Were it not for a wedding function at Mumbai’s Oberoi Trident Hotel last month, diamond industry professionals Toni Nagel of the United Kingdom and Marc Schwalb of Belgium might not have made it back home before the conclusion of India’s worst terror attack. The two Jewish survivors were among an estimated 250 people rescued by security services at the Oberoi before a final assault on the Chabad-Lubavitch center where Rabbi Gavriel and Rivka Holtzberg and six others died.

Schwalb had actually had dinner at the Chabad House five days before a team of Islamist terrorists held a series of tourist destinations and city buildings hostage for more than 60 hours. Almost 160 people perished in the attacks; more than 294 were injured.

The following Tuesday, one day before the attacks, Gavriel Holtzberg gave Schwalb a tour and offered for him to stay at the Chabad House on his next trip.

“He showed me the whole house,” said Schwalb, 66, who hosted a meal at the Chabad House of Antwerp last week to thank G‑d for his survival. “ ‘Have a look at the rooms,’ he said. ‘It’s not a five-star hotel, but it’s nice.’ ”

After stopping off at the Chabad House one last time on Nov. 26, Schwalb, 66, returned to his hotel room on the 19th floor to finish packing before his scheduled nighttime flight home. Nagel, meanwhile, was in the elevator when the shooting began.

“Suddenly, I heard a terrible noise, horrible shooting,” related Schwalb. He walked across the hall to peer at the atrium below, where he saw gunmen with backpacks firing AK-47 assault rifles randomly into packs of people and diners at the hotel’s restaurant.

“They were shooting at everything: the restaurant, the lobby,” said Schwalb. “Afterwards, they took hostages.”

Having heard the initial bursts of gunfire from the elevator, Nagel saw the lobby empty when she stepped out of the elevator, save for a lone gunman making his way up to the mezzanine.

Schwalb rushed into his room and shut the door. Under the impression that things would quickly be handled by security personnel and the police, he continued packing.

Nagel dialed every extension number in the hotel directory. No one answered.

Because “the shooting was still pretty intense,” she turned on the news.

In the first several hours of the attack, “the only news was Bangkok,” said Nagel, referring to the takeover of several airports by anti-government forces in and around Thailand’s capital. Soon, stations started covering a hostage crisis taking shape at the Taj Mahal Hotel not far from the Oberoi, but it seemed that no one knew of the attack in their own building.

Nagel called colleagues elsewhere in India and London to find out information.

From his phone, Schwalb, tried to call the Holtzbergs to let them know where he was.

“I realized later when I saw” the Chabad House on the television that the building was also taken over by terrorists.

“I didn’t know when I said goodbye to Rav Gavriel, that it would be forever,” he said, choked up by tears. “It’s terrible, terrible.”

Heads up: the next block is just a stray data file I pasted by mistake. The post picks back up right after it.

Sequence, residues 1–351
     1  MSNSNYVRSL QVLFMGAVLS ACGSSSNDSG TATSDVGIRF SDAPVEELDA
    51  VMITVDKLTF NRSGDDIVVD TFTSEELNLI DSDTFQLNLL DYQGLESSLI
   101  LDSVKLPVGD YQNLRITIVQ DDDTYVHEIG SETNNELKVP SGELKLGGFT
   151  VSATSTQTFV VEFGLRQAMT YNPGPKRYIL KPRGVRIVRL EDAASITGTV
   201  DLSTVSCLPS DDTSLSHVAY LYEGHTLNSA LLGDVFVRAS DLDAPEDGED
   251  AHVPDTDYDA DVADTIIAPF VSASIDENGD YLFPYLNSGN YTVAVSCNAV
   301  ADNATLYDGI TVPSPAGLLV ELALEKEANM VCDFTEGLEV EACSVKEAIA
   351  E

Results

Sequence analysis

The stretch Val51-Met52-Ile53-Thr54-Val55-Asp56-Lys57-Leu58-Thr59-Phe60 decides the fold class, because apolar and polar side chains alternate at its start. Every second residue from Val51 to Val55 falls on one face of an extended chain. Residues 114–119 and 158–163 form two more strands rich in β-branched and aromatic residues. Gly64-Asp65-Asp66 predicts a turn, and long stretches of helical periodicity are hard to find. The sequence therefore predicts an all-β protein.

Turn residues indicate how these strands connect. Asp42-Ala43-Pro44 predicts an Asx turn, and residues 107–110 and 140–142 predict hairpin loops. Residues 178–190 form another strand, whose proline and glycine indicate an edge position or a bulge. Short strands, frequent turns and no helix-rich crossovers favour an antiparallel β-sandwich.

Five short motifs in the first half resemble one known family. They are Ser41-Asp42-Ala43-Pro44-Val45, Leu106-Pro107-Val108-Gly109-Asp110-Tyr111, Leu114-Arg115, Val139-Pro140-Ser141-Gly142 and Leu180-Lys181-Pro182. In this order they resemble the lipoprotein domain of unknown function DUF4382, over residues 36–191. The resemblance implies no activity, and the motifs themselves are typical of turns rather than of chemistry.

The Oberoi Trident Hotel
The Oberoi Trident Hotel

Waiting in the Dark

With no let up in the shooting, each barricaded the door. When smoke from fires either set by the terrorists or caused by one of several exploding grenades began pouring under the door, Nagel doused her curtains with water.

“But the smoke got thicker and thicker,” she said.

Well into the second day of the crisis, Schwalb decided to break some side windows. It took considerable effort, but he was finally able to lean out and breathe some fresh air.

By now, the news was broadcasting the attack in the Oberoi and Nagel dialed a help number that flashed across the screen. Thinking she was calling the police, she gave over her name and room number, all over the sound of the fire alarm in the room.

“They kept asking questions,” she said, “it wasn’t very helpful.”

Soon, she realized that she was actually speaking to the news station, which was broadcasting her own voice on television.

“I was trying to keep my wits about me,” said Nagel. “I was thinking this might take along time. Do I have water? Do I have food?”

She managed to sleep a little.

“If I didn’t sleep, I wouldn’t have strength,” she said. “I didn’t know how long the adrenalin would last.”

Nagel used the time to talk on her cell phone to her husband and two sons, aged seven and nine.

“I spoke in a very calm, relaxed way,” said Nagel. “I didn’t want to panic anyone. I didn’t want to be dramatic.

Schwalb spoke with his wife, who called the Belgian consul.

“I was scared to death,” said Schwalb. “The first time I was scared was when the hotel was on fire and the room filled with smoke.

“The second time was three in the morning, when I saw the hostages taken on T.V. I didn’t know where, probably on the 18th floor.”

Late the next day, military commandos banged on guests’ doors.

The black-garbed troops escorted them to an indoor fire escape. On the way, Schwalb saw three women dead on the floor and 18 survivors gathered in another room. There was a Muslim Turkish couple who said they were among the hostages.

“She couldn’t stop crying,” said Schwalb. “The terrorists shot all the other guys who were non-Muslims.”

Using their cell phones as flashlights and remaining completely silent, the group safely made it out of the hotel.

“I didn’t feel safe, though, until I was sitting on the airplane and the engines went on,” said Nagel. “I just wanted to get out of there as soon as possible. And I wanted to get home before Shabbat.”

Schwalb made it home Friday morning, together with the tallit and tefillin that he kept with him throughout the ordeal.

After making a blessing for her deliverance at synagogue, Nagel shared her story with Imperial College students at the Kensington Chabad Jewish Centre in London. At the event, people resolved to do good deeds in memory of those lost in the tragedy.

“I’m just completely lucky,” said Nagel. “I feel gutted for all those who were killed.”